Feminist Economics and the World Bank: History, Theory, and Policy / Edition 2

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Overview

The past decade has witnessed a paradigm shift at the World Bank from a focus on structural adjustment to a focus on poverty reduction. As evidenced by the Bank’s 2001 report, Engendering Development: Through Rights, Resource and Voice, an increased attention to gender issues has been an important part of this process.

This book brings together a range of responses from feminist economists and other social researchers on the issues raised in this report. With contributions from highly esteemed scholars such as Eudine Barriteau, Diane Elson, Gale Summerfield, and Zafiris Tzannatos, this anthology critically examines the relationships between gender, growth, development, and the World Bank by:

  • developing a history of the World Bank’s perspectives on gender
  • empirically evaluating the impacts of the Banks’ policies on three different regions of the world
  • exploring the ideological and methodological commitments of the report from a variety of feminist and interdisciplinary social science perspectives
  • enquiring into future directions for feminist economics research.

The book shows the importance and challenge of taking gender into account in development theory and policy. Its complex and nuanced analyses of the social relations of gender in a global context will be an important resource for policymakers, activists, and scholars alike.

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Product Details

Meet the Author

Edith Kuiper is researcher at the Department of Economics & Econometrics at the Universiteit van Amsterdam, The Netherlands.

Drucilla K. Barker is Professor of Economics & Women’s Studies at Hollins University, Virginia, U.S.A.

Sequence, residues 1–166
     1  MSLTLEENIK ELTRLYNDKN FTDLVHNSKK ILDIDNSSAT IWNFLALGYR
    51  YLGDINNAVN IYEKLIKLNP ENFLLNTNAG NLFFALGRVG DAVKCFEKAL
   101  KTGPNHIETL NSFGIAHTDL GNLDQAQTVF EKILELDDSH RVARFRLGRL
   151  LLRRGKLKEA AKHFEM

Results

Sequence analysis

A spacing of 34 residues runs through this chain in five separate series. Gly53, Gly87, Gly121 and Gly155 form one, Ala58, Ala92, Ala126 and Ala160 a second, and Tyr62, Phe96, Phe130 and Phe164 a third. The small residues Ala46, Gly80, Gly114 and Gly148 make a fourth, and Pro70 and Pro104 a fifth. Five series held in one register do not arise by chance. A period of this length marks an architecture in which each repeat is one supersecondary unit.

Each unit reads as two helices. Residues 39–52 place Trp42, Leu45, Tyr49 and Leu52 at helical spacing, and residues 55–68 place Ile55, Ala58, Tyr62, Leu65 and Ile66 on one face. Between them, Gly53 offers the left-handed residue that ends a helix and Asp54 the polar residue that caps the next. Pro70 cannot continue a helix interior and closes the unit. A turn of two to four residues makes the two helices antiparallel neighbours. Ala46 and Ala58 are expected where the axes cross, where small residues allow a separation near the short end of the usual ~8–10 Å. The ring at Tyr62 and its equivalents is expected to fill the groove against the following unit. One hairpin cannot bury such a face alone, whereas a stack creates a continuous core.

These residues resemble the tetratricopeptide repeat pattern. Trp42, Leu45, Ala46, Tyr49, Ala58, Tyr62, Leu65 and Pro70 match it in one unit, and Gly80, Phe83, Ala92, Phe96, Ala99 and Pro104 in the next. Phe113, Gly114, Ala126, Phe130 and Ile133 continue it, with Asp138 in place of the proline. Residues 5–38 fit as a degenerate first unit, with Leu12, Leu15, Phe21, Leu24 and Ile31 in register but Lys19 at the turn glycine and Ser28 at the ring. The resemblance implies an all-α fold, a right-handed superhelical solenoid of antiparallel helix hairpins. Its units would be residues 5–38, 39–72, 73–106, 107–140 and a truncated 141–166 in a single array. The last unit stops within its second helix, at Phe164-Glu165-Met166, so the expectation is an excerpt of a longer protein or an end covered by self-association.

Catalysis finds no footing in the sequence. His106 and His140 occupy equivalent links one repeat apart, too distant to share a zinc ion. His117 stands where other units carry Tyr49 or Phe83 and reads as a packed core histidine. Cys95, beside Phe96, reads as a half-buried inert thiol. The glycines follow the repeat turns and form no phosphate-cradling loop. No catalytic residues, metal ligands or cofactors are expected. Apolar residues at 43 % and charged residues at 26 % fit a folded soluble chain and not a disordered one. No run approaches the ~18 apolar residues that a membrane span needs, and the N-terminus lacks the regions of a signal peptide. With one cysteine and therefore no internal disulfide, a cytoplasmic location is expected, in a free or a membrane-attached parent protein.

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Table of Contents

Contents List Of Illustrations Notes On Contributors Acknowledgements 1. Feminist Economics And The World Bank: An Introduction Part 1: Gender And The World Bank: An Institutional History 2. The World Bank, Development, Adjustment, And Gender Equality 3. An Assessment Of Efforts To Promote Gender Equality At The World Bank 4. Comment Part 2: Policy Evaluations 5. Engendering Development 6. Engendering Agricultural Technology For Africa’s Farmers 7. Taking Gender Differences In Bargaining Power Seriously: Equity, Labor Standards, And Living Wages 8. Comment Part 3: Disciplinary Paradigms/ Development Paradigms 9. Colonizing Knowledge 10. Adjustment With A Woman’s Face 11. Gender And Intrahousehold Decision-Making 12. Engendering Development Or Gender Main-Streaming? 13. Comment Part 4: Explorations: Future Directions Of Feminist Research 14. A Seat At The Table 15. Why Feminist Economists Should Pay More Attention To The Coherence Between The World Bank And The WTO 16. Engendering The German Parliamentary Commission Report On Globalization Of The World Economy 17. Women’s Rights And Engendering Development

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